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NOTE ............ the four vents on the roof of the tailboom should be facing rearwards, not forwards as shown on the instructions. It would appear that they were vents, not intakes.

 

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You can see one of the rear facing roof vents in this photo. Looks like it was quite a precarious climb up into the tail boom.

 

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Cockpit and nose glazing now installed. I do not know if it was my fault but it needed quite a bit of filler behind the cockpit and under the fuselage.

NOTE ...... there is a spline, chine or whatever it was called running along the top of the tail boom which I have added from thin plastic strip.

Edited by adey m
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Adey

I'm fascinated by this small kit, its looking to be a great build, what with your added details  . . .

Looking forward to the colour scheme  . . .

Ian

Edited by Mancunian airman
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Now that the fuselage is together it is time to try out the different cargo door configurations.

 

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Here we can see the little drilled holes to take the different doors and the slip stream deflectors.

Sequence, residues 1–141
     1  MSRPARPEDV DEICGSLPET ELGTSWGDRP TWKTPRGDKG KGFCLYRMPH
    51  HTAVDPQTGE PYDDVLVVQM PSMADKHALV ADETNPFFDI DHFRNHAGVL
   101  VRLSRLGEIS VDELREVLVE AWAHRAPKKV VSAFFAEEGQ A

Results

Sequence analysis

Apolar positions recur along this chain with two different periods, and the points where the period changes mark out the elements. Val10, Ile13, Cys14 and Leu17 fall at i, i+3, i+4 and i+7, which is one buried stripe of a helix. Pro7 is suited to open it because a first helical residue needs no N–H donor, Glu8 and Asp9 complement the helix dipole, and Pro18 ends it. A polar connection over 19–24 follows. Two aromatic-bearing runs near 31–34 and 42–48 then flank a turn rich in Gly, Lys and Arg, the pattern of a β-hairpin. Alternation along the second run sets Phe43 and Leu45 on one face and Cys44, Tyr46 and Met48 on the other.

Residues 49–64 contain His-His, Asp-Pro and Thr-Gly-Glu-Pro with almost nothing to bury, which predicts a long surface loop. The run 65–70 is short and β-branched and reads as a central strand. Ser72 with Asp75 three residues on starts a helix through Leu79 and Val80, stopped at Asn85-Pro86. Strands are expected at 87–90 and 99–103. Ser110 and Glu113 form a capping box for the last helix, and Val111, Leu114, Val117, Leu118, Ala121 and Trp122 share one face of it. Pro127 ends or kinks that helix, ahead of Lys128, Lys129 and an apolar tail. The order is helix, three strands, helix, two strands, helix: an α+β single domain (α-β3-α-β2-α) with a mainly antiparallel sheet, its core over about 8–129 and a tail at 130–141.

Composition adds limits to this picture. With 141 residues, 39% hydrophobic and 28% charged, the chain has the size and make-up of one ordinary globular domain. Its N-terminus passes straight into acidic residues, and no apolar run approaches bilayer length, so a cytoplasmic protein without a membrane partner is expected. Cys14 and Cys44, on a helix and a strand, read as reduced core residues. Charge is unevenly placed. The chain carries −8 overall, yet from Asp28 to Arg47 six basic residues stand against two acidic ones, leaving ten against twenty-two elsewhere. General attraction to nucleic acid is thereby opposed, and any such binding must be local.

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Cargo doors closed. They fit well, MikroMir really are clever people.

 

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Cargo doors opened. Open wide ............

 

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The two opened up hatches to the tail boom compartment can be seen in the roof of the cargo hold.

 

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Heavy air drop configuration. I scratchbuilt these slip stream deflectors even though some good ones are included in the kit, I just needed to make them thicker to take the brass fixing pins  .........  and my clumsy handling.

 

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Here is a real one in the heavy air drop configuration.

 

Next stage to tackle ....... the engines and propellers

 

 

 

 

 

 

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That is coming along very well Adey.

 

I am also glad I can see the pictures now!

 

Cheers,

 

Ray

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resized_05391216-d986-40e0-9b24-485cb74d

 

Just before I approach the engines problem here is my scratchbuilt slipstream deflector compared with the kit's one. I needed the extra thickness to drill holes for the brass pins for fixing to the fuselage sides.

 

 

 

 

 

 

Edited by adey m
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Time to tackle the engines, if the rest of the kit so far is anything to go by they should be well designed   ............  ha ha

 

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MikroMir provide a representation of the engine cooling fans which were installed right in front of the massive, heat producing Bristol Centaurus double rowed cylinder engines.

Unfortunately they locate in the engine cowling halves too far back as shown in the photo above. Therefore I had to come up with some way of representing the fans where they should be, just inside the cowling opening.

I did this by using small discs of plasticard which are fixed in front of the kit's ones.